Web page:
Note from the Al Alwi Argument

Benjamin Wittes
Thursday, November 4, 2010, 1:05 PM
I just returned from the D.C. Circuit's Al Alwi oral argument--or, at least, the portion of it that the court conducted in open session. Here is a quick and dirty summary. Al Alwi is not one of the important Guantanamo cases in the sense of raising issues that have broad implications for the disposition of other Guantanamo litigations. It is simply the case of one guy at the base--a guy with some complaints about the way U.S. District Judge Richard Leon handled his case.

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I just returned from the D.C. Circuit's Al Alwi oral argument--or, at least, the portion of it that the court conducted in open session. Here is a quick and dirty summary. Al Alwi is not one of the important Guantanamo cases in the sense of raising issues that have broad implications for the disposition of other Guantanamo litigations. It is simply the case of one guy at the base--a guy with some complaints about the way U.S. District Judge Richard Leon handled his case. I have some sympathy for Judge Leon here; he took very seriously the task of deciding habeas cases expeditiously and proceeded much more quickly than did his colleagues. But the result, at least in this case, is an appeal with a non-trivial claim that judge's speed deprived the detainee of the ability to defend himself. The panel here--Judges David Tatel, Merrick Garland, and Stephen Williams--was hard to read. I do not have a strong instinct about where they are going with this case. But Judge Leon's decision is not as bulletproof as it probably could have been had he given Al Alwi's then-lawyers a little more latitude. As Larkin summarized the case the other day,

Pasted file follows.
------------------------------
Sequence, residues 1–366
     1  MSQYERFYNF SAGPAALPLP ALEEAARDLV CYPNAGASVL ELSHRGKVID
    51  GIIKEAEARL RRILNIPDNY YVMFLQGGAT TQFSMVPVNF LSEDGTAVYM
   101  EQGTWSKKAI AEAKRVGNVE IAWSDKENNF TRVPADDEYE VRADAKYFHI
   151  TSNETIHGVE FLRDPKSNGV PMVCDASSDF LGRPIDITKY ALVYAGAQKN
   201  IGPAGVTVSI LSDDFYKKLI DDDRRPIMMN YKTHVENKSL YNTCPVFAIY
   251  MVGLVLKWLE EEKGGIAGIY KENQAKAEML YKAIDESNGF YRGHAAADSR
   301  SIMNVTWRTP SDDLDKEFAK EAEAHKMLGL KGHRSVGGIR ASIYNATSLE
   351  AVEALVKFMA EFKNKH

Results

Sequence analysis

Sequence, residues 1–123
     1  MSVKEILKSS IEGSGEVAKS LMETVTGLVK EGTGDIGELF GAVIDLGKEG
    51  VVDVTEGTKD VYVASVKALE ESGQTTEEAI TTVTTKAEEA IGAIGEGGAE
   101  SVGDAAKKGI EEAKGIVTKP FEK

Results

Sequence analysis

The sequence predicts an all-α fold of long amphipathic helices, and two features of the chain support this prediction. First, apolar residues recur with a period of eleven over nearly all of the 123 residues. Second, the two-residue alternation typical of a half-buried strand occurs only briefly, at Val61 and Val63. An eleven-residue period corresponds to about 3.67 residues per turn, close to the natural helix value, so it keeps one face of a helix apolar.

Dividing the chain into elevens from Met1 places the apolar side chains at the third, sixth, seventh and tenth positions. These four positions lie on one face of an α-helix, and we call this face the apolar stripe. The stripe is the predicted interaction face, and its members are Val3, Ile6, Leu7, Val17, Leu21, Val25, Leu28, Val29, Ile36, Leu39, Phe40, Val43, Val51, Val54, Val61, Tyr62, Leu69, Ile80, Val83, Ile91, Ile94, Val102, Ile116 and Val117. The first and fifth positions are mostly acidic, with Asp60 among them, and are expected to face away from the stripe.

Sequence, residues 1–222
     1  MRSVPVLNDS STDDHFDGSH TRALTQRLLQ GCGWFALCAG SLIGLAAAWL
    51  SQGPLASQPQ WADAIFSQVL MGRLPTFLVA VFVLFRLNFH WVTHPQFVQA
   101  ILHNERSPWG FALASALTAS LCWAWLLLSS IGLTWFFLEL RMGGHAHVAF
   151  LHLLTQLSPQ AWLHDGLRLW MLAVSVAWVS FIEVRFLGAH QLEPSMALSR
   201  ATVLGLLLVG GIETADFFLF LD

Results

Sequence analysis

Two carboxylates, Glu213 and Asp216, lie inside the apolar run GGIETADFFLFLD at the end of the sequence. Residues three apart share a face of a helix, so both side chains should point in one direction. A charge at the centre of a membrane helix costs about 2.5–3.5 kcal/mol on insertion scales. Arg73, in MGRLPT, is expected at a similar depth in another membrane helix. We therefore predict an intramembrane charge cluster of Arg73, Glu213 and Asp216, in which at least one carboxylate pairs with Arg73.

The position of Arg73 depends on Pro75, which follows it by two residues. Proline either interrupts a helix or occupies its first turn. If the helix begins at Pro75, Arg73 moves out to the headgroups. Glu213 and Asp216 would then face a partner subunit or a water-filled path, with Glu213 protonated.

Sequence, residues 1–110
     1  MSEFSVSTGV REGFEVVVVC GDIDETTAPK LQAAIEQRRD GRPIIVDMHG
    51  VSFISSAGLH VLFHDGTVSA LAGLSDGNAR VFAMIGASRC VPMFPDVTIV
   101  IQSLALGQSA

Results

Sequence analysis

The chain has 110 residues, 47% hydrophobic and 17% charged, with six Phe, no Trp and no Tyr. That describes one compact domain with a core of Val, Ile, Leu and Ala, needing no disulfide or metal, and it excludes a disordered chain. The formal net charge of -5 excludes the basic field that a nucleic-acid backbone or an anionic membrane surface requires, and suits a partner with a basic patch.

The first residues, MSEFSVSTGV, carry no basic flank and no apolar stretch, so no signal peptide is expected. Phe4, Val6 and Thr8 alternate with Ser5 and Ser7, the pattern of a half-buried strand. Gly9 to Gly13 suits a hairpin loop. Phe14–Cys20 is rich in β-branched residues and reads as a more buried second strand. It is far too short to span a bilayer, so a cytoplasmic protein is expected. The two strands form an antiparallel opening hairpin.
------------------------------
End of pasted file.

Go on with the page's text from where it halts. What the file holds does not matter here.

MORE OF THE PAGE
In Judge Leon’s unclassified opinion, he wrote that the government’s evidence proved that the petitioner was “lawfully detained as an enemy combatant because it is more probable than not that he was ‘part of or supporting Taliban or al Qaeda forces’ both prior to and after the initiation of U.S. hostilities in October 2001.” In the more detailed opinion (formerly classified, now released with redactions), however, Judge Leon described his conclusions more fully. First, he found that the petitioner had stayed at guesthouses that had “strong connections” to Al Qaeda and that the petitioner, “at a minimum, was ‘supporting’ the Taliban” on two combat fronts. He also wrote that Al Alwi’s involvement with the Omar Sayef Group, a fighting force the petitioner admitted was associated with the Taliban, amounted to “participating” in the unit and that he was “subject to the orders of the unit’s leaders.” Finally, Judge Leon found that Al Alwi had received military training at a camp associated with the Taliban, and that he was “with and was supporting Taliban forces” after September 11th.